# Bitwise operators in Java

Bitwise operators are used to performing manipulation of individual bits of a number. They can be used with any of the integral types (char, short, int, etc). They are used when performing update and query operations of Binary indexed tree.

**Bitwise OR (|) –**

This operator is a binary operator, denoted by ‘|’. It returns bit by bit OR of input values, i.e, if either of the bits is 1, it gives 1, else it gives 0.

For example,

a = 5 = 0101 (In Binary) b = 7 = 0111 (In Binary) Bitwise OR Operation of 5 and 7 0101 | 0111 ________ 0111 = 7 (In decimal)

**Bitwise AND (&) –**

This operator is a binary operator, denoted by ‘&’. It returns bit by bit AND of input values, i.e, if both bits are 1, it gives 1, else it gives 0.

For example,

a = 5 = 0101 (In Binary) b = 7 = 0111 (In Binary) Bitwise AND Operation of 5 and 7 0101 & 0111 ________ 0101 = 5 (In decimal)

**Bitwise XOR (^) –**

This operator is a binary operator, denoted by ‘^’. It returns bit by bit XOR of input values, i.e, if corresponding bits are different, it gives 1, else it gives 0.

For example,

a = 5 = 0101 (In Binary) b = 7 = 0111 (In Binary) Bitwise XOR Operation of 5 and 7 0101 ^ 0111 ________ 0010 = 2 (In decimal)

**Bitwise Complement (~) –**

This operator is a unary operator, denoted by ‘~’. It returns the one’s complement representation of the input value, i.e, with all bits inverted, which means it makes every 0 to 1, and every 1 to 0.

For example,

a = 5 = 0101 (In Binary) Bitwise Complement Operation of 5 ~ 0101 ________ 1010 = 10 (In decimal)

**Note –**Compiler will give 2’s complement of that number, i.e., 2’s complement of 10 will be -6.

## Java

`// Java program to illustrate` `// bitwise operators` `public` `class` `operators {` ` ` `public` `static` `void` `main(String[] args)` ` ` `{` ` ` `// Initial values` ` ` `int` `a = ` `5` `;` ` ` `int` `b = ` `7` `;` ` ` `// bitwise and` ` ` `// 0101 & 0111=0101 = 5` ` ` `System.out.println(` `"a&b = "` `+ (a & b));` ` ` `// bitwise or` ` ` `// 0101 | 0111=0111 = 7` ` ` `System.out.println(` `"a|b = "` `+ (a | b));` ` ` `// bitwise xor` ` ` `// 0101 ^ 0111=0010 = 2` ` ` `System.out.println(` `"a^b = "` `+ (a ^ b));` ` ` `// bitwise not` ` ` `// ~0101=1010` ` ` `// will give 2's complement of 1010 = -6` ` ` `System.out.println(` `"~a = "` `+ ~a);` ` ` `// can also be combined with` ` ` `// assignment operator to provide shorthand` ` ` `// assignment` ` ` `// a=a&b` ` ` `a &= b;` ` ` `System.out.println(` `"a= "` `+ a);` ` ` `}` `}` |

**Output**

a&b = 5 a|b = 7 a^b = 2 ~a = -6 a= 5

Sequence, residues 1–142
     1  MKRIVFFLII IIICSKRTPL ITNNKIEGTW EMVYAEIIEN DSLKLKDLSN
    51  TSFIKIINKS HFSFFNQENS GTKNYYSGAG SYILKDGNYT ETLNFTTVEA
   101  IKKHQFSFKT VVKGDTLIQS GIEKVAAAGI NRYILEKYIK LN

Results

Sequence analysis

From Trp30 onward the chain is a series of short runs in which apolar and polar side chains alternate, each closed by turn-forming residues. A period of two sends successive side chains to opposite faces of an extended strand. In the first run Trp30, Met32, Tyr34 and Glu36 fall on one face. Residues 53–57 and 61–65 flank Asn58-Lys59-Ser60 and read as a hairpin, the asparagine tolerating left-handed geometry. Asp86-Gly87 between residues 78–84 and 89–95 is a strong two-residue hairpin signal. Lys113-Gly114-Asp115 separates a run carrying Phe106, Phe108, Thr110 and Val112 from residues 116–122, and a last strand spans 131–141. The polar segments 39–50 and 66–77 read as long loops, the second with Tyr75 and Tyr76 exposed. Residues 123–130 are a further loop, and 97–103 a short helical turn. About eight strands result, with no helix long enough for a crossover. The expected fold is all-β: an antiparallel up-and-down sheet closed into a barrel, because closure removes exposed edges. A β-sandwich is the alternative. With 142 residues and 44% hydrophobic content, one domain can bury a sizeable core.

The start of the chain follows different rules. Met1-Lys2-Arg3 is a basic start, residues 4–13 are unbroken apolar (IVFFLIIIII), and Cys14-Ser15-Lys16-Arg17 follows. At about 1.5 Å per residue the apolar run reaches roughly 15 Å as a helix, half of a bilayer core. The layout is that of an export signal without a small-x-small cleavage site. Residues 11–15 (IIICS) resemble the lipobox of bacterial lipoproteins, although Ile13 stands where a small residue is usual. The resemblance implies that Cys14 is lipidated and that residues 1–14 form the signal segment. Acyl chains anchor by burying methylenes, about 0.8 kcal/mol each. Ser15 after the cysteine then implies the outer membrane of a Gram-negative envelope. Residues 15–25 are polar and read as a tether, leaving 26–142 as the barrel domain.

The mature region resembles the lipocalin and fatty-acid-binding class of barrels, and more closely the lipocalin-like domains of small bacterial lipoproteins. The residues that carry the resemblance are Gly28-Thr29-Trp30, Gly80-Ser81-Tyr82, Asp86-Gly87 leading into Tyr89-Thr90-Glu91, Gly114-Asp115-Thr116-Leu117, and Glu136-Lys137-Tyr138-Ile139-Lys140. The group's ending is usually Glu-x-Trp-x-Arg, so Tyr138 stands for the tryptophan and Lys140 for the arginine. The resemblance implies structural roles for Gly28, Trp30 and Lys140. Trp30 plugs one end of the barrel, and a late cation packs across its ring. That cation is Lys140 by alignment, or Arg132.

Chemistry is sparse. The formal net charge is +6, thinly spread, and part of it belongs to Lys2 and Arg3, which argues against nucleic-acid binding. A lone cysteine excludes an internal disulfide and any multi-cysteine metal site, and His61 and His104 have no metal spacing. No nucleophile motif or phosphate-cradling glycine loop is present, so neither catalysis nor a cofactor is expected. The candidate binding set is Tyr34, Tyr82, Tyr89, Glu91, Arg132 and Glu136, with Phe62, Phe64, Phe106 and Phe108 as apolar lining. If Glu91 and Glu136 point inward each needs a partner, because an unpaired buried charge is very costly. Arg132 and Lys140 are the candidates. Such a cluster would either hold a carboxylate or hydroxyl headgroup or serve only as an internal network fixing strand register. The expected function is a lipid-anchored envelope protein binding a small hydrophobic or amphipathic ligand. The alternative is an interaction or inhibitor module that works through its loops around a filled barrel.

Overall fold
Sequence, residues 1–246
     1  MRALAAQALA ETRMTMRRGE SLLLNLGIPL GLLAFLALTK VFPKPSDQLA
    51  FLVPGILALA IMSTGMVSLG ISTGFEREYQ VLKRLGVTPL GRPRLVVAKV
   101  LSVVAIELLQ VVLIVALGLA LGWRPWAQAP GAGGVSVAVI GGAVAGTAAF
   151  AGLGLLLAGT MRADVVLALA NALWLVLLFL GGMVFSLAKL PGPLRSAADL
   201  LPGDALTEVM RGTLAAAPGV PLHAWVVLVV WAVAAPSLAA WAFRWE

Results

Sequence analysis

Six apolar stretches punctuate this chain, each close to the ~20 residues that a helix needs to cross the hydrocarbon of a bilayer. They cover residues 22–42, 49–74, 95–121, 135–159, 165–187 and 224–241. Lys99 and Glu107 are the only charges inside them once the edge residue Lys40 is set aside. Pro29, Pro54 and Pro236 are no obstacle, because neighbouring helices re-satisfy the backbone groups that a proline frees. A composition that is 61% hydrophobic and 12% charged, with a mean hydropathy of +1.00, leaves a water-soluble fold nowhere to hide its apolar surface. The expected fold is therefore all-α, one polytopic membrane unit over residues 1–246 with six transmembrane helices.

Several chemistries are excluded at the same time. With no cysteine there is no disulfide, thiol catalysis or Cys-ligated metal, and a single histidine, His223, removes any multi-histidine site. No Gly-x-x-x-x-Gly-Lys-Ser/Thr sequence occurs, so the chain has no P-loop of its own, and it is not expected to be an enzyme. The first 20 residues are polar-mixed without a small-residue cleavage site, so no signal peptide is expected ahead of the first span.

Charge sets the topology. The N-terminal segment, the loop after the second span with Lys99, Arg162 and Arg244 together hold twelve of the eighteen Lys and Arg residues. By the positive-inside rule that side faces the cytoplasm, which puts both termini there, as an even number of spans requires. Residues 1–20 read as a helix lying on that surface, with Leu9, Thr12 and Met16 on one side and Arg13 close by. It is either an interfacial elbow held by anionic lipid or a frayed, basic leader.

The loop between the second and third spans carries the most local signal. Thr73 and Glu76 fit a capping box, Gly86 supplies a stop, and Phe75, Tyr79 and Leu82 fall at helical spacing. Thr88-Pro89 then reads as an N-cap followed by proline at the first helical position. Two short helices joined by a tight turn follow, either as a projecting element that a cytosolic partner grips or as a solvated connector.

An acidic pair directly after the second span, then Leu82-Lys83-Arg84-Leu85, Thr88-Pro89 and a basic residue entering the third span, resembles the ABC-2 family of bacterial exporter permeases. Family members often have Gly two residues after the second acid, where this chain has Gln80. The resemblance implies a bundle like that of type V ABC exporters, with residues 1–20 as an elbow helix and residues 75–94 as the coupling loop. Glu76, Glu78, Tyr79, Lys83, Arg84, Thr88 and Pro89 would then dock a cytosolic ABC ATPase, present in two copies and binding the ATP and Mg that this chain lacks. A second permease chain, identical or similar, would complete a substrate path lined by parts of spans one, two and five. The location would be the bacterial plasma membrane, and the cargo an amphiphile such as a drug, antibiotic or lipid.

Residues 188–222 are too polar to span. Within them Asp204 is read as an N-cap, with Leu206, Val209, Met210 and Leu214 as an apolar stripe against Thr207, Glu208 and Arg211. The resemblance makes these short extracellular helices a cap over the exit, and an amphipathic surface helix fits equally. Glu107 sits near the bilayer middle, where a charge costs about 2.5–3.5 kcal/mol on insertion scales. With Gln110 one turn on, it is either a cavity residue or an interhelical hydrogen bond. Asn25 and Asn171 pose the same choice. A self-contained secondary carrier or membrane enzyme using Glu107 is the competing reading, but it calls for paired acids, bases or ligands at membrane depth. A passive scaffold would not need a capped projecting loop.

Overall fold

**Shift Operators:** These operators are used to shift the bits of a number left or right thereby multiplying or dividing the number by two respectively. They can be used when we have to multiply or divide a number by two. General format:

numbershift_opnumber_of_places_to_shift;

**Signed Right shift operator (>>) –**

Shifts the bits of the number to the right and fills the voids left with the sign bit (1 in case of negative number and 0 in case of positive number). The leftmost bit and a depends on the sign of initial number. Similar effect as of dividing the number with some power of two.

For example,

Example 1: a = 10 a>>1 = 5 Example 2: a = -10 a>>1 = -5 We preserve the sign bit.

**Unsigned Right shift operator (>>>) –**

Shifts the bits of the number to the right and fills 0 on voids left as a result. The leftmost bit is set to 0. (>>>) is unsigned-shift; it’ll insert 0. (>>) is signed, and will extend the sign bit.

For example,

Example 1: a = 10 a>>>1 = 5 Example 2: a = -10 a>>>1 = 2147483643 DOES NOT preserve the sign bit.

**Left shift operator (<<) –**

Shifts the bits of the number to the left and fills 0 on voids left as a result. Similar effect as of multiplying the number with some power of two.

For example,

a = 5 = 0000 0101 b = -10 = 1111 0110 a << 1 = 0000 1010 = 10 a << 2 = 0001 0100 = 20 b << 1 = 1110 1100 = -20 b << 2 = 1101 1000 = -40

**Unsigned Left shift operator (<<<) –**

Unlike unsigned Right Shift, there is no “<<<” operator in Java, because the logical (<<) and arithmetic left-shift (<<<) operations are identical.

## Java

`// Java program to illustrate` `// shift operators` `public` `class` `operators {` ` ` `public` `static` `void` `main(String[] args)` ` ` `{` ` ` `int` `a = ` `5` `;` ` ` `int` `b = -` `10` `;` ` ` `// left shift operator` ` ` `// 0000 0101<<2 =0001 0100(20)` ` ` `// similar to 5*(2^2)` ` ` `System.out.println(` `"a<<2 = "` `+ (a << ` `2` `));` ` ` `// right shift operator` ` ` `// 0000 0101 >> 2 =0000 0001(1)` ` ` `// similar to 5/(2^2)` ` ` `System.out.println(` `"b>>2 = "` `+ (b >> ` `2` `));` ` ` `// unsigned right shift operator` ` ` `System.out.println(` `"b>>>2 = "` `+ (b >>> ` `2` `));` ` ` `}` `}` |

**Output**

a<<2 = 20 b>>2 = -3 b>>>2 = 1073741821

Refer for – other Operators in Java

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